Green keeps the water clean!

The condition of our shorelines and stream banks is a critical factor affecting the health of the Glen Lake/Crystal River Watershed. You can help protect the watershed by preserving your natural shoreline or stream bank. The Glen Lake Association offers free, on-site consultations to riparians. Our expert staff will address your questions and concerns and provide lake-friendly suggestions for preserving your shore. 

Did you know? 

The loss of natural shorelines and streambanks is the number one threat to water quality. Natural shorelines and streambanks protect the lakes and rivers from stormwater pollution, prevent soil erosion, and provide essential habitat for fish and wildlife.

When you schedule a shoreline or stream bank consultation with the Glen Lake Association, we will listen to your concerns and perform a thorough analysis of your property. Afterwards, we will develop a recommendation for naturalized shoreline or streambank landscaping including design options, referrals to plant material sources, soil preparation and planting suggestions, and mulching and maintenance tips.

Schedule a free shoreline or streambank consultation today!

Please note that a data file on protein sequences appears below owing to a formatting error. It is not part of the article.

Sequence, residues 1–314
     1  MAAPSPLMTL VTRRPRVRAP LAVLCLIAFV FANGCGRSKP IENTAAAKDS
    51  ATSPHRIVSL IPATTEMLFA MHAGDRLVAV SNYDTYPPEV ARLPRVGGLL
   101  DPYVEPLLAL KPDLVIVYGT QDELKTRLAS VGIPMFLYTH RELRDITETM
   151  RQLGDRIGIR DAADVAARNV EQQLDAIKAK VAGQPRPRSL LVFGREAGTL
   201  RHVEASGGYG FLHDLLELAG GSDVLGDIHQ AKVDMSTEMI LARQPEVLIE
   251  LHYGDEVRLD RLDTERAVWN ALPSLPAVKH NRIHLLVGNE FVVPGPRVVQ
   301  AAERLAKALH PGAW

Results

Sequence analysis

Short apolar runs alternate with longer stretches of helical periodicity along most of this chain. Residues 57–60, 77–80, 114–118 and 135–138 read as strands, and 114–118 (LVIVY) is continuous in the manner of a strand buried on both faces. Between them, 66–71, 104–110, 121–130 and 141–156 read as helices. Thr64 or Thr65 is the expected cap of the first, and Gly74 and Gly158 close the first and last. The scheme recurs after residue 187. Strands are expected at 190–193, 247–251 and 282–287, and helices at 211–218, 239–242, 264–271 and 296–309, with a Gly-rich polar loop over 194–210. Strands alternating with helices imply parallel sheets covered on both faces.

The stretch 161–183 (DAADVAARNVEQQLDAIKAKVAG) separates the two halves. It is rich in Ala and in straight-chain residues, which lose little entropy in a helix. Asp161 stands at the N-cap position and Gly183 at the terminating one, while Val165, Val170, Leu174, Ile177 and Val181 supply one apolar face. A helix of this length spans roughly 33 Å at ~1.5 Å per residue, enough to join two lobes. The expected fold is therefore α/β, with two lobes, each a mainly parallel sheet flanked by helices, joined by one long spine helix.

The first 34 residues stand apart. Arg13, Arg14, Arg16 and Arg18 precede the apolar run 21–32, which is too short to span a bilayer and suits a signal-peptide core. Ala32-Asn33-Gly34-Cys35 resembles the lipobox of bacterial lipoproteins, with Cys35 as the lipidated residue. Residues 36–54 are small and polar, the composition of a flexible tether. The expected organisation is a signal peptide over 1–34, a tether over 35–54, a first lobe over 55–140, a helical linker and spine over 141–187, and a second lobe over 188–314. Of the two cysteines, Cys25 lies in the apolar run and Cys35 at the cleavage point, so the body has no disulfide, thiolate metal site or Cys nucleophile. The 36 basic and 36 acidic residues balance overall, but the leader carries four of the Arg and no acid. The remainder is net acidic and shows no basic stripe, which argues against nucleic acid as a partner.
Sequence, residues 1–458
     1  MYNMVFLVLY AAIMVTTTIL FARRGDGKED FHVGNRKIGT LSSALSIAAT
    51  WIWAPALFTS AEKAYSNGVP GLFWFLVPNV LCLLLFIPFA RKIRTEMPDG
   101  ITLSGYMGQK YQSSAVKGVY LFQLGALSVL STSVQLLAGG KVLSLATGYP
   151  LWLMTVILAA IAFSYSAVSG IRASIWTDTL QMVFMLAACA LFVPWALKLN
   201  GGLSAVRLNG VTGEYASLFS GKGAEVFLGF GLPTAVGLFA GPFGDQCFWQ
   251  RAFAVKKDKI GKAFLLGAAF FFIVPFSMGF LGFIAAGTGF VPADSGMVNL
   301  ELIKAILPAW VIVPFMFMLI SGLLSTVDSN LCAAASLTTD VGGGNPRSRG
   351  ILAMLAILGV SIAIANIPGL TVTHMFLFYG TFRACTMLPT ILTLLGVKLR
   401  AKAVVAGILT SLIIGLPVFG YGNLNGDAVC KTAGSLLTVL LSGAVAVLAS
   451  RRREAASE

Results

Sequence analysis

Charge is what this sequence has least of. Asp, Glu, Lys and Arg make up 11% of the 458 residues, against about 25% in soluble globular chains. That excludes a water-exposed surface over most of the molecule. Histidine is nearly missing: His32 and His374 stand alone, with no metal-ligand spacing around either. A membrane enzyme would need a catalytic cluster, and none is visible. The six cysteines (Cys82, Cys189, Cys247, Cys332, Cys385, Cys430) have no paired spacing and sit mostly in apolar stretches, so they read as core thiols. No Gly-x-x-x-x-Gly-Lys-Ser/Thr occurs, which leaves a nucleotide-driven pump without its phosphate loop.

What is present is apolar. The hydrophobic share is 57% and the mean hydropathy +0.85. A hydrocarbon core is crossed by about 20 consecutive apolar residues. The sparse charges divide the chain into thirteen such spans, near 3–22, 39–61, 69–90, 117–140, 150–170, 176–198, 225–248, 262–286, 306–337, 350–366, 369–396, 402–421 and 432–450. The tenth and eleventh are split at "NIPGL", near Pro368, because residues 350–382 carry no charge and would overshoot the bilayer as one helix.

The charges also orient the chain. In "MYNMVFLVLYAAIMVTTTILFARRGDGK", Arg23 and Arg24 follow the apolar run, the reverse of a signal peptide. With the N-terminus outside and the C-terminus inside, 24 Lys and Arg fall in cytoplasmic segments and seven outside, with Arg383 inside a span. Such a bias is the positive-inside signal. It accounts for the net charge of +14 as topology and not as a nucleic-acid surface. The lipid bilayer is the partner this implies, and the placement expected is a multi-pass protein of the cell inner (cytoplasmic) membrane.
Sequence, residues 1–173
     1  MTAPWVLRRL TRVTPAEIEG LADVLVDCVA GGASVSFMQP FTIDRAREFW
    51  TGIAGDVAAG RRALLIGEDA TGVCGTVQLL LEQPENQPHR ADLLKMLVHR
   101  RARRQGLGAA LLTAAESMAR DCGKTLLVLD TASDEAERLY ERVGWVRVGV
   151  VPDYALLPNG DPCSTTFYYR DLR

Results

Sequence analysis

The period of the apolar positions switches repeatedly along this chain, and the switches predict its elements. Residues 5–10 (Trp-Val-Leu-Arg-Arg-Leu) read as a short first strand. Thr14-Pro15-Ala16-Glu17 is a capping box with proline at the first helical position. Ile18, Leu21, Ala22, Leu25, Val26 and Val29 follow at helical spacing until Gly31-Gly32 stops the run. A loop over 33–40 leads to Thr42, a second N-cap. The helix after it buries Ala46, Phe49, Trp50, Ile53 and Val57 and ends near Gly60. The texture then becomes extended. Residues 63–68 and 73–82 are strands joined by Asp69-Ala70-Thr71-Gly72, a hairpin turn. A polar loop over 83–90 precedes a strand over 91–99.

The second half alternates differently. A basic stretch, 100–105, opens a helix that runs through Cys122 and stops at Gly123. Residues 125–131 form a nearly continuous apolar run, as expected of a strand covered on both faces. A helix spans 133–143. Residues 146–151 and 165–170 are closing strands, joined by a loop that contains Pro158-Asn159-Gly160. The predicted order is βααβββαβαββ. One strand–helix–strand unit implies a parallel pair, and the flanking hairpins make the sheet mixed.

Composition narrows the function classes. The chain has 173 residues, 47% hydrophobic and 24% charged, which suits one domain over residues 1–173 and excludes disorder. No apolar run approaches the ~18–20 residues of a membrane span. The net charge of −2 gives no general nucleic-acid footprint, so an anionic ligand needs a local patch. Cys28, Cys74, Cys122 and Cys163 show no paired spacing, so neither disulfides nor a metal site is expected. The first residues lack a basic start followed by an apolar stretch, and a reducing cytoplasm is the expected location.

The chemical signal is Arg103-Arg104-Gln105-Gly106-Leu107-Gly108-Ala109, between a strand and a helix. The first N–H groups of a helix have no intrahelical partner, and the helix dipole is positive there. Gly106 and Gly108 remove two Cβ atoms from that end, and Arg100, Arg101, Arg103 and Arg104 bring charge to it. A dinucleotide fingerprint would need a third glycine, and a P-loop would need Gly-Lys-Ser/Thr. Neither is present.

The Michigan Natural Shoreline Partnership’s “Shoreland Stewards” program encourages riparians to manage their property in a manner which best protects the lakes, streams and groundwater. The program’s online survey will help you assess how well your property management practices are protecting the water. It will also identify opportunities for improvement. Take the survey today and see if you qualify for Shoreland Steward recognition!

The Michigan Natural Shoreline Partnership offers these easy and inexpensive tips for preventing erosion and protecting water quality:

  • Site your house a minimum of 100 feet from the lake or river
  • Keep as many trees, shrubs, and native plants as possible
  • Limit turf grass, especially at the water’s edge